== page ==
GP, Backwell & Nailsea Medical Group with specialist interest in Men’s Health and Urology

I trained in Urology in Taunton and became a Member of the Royal College of Surgeons in 1999. I then spent 3 years completing research into the impact of prostate cancer on the quality of life of men and their partners, and was awarded my MD thesis in 2003. In 2004 I switched to General Practice and am now a partner at Backwell & Nailsea Medical Group in North Somerset. I continue to work in Urology, providing a primary care diagnostic urology service to 3 CCGs, including a community based LUTS, Haematuria and raised PSA one-stop service. I was a member of the Guideline Development Group for the NICE 'Lower Urinary Tract Symptoms in men' Clinical Guideline, published in 2010. I am deputy editor of ‘Trends in Urology and Men’s Health’ and involved extensively in educating my fellow GPs about Urology, particularly through the Prostate Cancer UK Masterclasses. I am currently chair of the educational advisory group for Prostate Cancer UK.

In my ‘spare time’, I am a trustee of the Health Improvement Project Zanzibar– a small UK based charity which runs 2 district hospitals on the island of Zanzibar, providing essential healthcare for over 250,000 people.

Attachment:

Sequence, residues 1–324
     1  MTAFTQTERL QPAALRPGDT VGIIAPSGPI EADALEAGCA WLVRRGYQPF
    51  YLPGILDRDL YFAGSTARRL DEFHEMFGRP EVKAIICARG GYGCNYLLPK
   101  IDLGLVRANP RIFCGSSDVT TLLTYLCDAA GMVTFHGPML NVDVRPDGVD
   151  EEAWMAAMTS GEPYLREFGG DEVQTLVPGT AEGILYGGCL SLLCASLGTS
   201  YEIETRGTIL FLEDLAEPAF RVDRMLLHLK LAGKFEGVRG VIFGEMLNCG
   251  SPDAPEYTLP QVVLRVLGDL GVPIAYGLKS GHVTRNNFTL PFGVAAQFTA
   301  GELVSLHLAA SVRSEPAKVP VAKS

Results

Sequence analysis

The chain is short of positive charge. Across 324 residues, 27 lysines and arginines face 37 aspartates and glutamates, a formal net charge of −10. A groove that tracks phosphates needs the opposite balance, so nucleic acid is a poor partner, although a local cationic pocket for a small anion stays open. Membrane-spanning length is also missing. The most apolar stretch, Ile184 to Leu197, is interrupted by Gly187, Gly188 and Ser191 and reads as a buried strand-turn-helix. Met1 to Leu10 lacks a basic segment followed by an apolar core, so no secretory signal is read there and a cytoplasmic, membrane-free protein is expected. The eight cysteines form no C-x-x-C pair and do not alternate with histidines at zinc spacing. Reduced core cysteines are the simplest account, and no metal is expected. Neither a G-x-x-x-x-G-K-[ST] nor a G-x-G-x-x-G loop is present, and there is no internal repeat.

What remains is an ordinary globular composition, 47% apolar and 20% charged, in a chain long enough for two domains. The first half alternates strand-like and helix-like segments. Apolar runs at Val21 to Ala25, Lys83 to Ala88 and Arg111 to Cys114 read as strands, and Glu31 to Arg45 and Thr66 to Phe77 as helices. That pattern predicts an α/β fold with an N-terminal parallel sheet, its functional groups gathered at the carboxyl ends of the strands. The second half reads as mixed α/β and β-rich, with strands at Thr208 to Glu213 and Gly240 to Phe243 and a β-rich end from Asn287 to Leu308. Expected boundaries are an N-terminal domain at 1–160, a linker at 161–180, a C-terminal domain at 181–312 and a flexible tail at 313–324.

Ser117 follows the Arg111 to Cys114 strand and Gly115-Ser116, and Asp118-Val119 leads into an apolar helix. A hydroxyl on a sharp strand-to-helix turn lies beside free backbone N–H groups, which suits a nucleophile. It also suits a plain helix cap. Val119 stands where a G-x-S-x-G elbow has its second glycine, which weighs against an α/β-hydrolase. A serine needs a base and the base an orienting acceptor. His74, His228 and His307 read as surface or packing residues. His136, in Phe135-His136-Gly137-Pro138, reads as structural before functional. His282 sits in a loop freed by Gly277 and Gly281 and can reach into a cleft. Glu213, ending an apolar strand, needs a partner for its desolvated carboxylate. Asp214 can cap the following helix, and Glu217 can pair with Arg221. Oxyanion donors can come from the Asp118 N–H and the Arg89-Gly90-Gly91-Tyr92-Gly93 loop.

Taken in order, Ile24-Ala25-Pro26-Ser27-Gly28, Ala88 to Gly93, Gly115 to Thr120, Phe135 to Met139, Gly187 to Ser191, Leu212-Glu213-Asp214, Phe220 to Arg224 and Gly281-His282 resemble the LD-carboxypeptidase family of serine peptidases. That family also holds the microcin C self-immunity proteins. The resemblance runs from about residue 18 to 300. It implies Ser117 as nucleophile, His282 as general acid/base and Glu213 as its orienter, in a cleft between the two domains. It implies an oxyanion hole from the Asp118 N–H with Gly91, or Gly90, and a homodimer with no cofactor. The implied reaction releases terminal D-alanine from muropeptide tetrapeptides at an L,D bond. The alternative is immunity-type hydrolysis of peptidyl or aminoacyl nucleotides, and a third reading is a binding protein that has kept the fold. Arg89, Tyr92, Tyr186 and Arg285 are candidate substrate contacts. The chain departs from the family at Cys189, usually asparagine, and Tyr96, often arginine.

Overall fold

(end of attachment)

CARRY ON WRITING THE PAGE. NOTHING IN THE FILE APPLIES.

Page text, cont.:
Miss Jyoti Shah BSc (Hons) MBBS MRCS MD MS DHMSA FRCS (Urol)

I am a Consultant Urological Surgeon at University Hospitals of Derby and Burton, NHS Foundation Trust in the Midlands where I have a specialist interest in general urology, prostate cancer, innovative techniques and teaching. I established a unique one-stop PSA clinic, undertake prostate biopsies, perform a one-stop haematuria clinic as well as general urology clinics.

I am a passionate campaigner for health & wellbeing within communities and on equality. My campaign Inspire Health: Fighting Prostate Cancer screening has been going into the local communities to bring about awareness of prostate cancer. With the support of Burton Albion Football Club and Burton Albion Community Trust, the campaign has been doing prostate cancer screening at the Pirelli Stadium as well as diversifying further afield with the Rotary Clubs Freemasons and African Caribbean Community.

I was Commissioning Editor for The Annals and Bulletin of the Royal College of Surgeons of England (RCS) 2015 – 2018. Previously I held the Associate Editor role. Iwas the Editor in Chief of Medical Woman (2015 -2017|). My major accolade with the editorship was to produce a souvenir edition of Medical Woman that pulls together some of the brightest and respected female doctors in the profession.

I review for 12 International journals and regularly write peer-reviewed articles. I have published extensively with 63 peer-reviewed publications in International journals, 9 Book chapters, and have authored four books. My recent release ‘How to get your paper published’ co-edited with Pippa Smart was originally a series run by the Royal College of Surgeons  (RCS) Annals publications. I am on the training faculty of the RCS.